The study also showed that students preferred learning from each other and receiving information from the role of the coach in their team than the teacher. The teacher was seen by the students as “making us do what we don’t want to do” while learning from the coach was seen as letting them chose. This might have been because they had more focused time to practice – time that wasn’t interrupted by whole class discussions. The use of small-sided teams was one facilitating factor in this, as it allowed the students to have an enhanced number of contacts with the ball. Furthermore, all the students felt that they had received more opportunities to be involved and to actually participate in this unit. This was attributed to the competition inherent in SE. However, Hastie also suggested that this wasn’t the ‘normal’ competition found in PE but a more inclusive form that celebrated improvement, good play, sportsmanship, and engagement, not just winning or loosing.
The students all felt that their skills improved and that they got the chance to play in different positions. This was a new feature of their lessons as previously the less able students, in particular, were often left to play in the least desirable positions on the pitch. While the study didn’t explore the effectiveness of the inter-student instructions the perceptions of the students were certainly positive.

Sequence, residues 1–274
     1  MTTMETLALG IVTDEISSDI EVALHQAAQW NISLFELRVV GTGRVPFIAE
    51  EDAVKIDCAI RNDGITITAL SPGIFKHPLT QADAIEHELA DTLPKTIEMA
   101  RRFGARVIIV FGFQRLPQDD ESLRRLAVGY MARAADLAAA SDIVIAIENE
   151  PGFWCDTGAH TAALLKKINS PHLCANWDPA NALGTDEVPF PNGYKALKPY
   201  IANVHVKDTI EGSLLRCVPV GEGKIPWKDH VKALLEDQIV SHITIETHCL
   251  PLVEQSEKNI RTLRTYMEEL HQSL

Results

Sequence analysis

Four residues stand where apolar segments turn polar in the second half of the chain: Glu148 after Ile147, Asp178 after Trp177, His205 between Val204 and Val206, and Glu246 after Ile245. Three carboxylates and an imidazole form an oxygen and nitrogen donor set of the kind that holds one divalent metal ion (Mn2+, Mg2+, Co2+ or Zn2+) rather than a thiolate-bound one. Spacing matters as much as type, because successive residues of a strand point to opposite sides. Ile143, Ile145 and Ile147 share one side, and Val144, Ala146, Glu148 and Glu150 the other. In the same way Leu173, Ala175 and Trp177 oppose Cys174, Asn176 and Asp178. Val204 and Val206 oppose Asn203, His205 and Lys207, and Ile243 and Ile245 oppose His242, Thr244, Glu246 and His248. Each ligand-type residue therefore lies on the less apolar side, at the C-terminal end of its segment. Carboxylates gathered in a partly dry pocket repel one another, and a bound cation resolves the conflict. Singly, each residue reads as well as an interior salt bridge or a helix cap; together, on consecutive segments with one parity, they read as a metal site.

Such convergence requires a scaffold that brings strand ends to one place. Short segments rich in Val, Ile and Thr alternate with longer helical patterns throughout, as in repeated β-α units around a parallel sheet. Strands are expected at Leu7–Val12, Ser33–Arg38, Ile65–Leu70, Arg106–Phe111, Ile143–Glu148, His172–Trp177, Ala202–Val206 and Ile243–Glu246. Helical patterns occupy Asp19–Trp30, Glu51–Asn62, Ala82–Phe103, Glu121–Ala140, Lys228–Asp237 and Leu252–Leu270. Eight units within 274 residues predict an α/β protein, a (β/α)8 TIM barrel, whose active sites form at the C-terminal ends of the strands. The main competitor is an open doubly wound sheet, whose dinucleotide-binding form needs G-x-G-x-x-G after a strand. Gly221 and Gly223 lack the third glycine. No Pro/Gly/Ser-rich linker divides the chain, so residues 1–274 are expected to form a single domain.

All in all the study was shown to be a success. However, to what extent the findings are transferable outside of the context is questionable. That said, pedagogical change in PE has been shown to be evidence based and this paper certainly provides evidence that SE works and works well. So, go on (I dare you)…give it a go or tell us how you have faired with the model in the past.
What’s next? As part of this series of blogs I propose the following as a way of considering the implications of this research- Think, Act, Change (or TAC for short).
Think about findings of the paper – do they resonate? Use the comment box below to ask question, seek clarification, may be challenge the findings.?
Act on what you’ve read. What do you believe? Is this your responsibility or just something else to be put on your plate? Is there action to take? If so, what might it be.
Change what you do in response to your thoughts and actions? Is this a personal undertaking? Please let the community know about it.
I wouldn’t expect every paper to get beyond the T or even the A of TAC but if one paper resonates enough to get to C then hopefully all this is worthwhile. Good luck.
Acknowledgements: I would like to thank Vicky Goodyear whose work behind the scene as copy editor is a vital part of getting this blog out on time and in a semblance of coherence.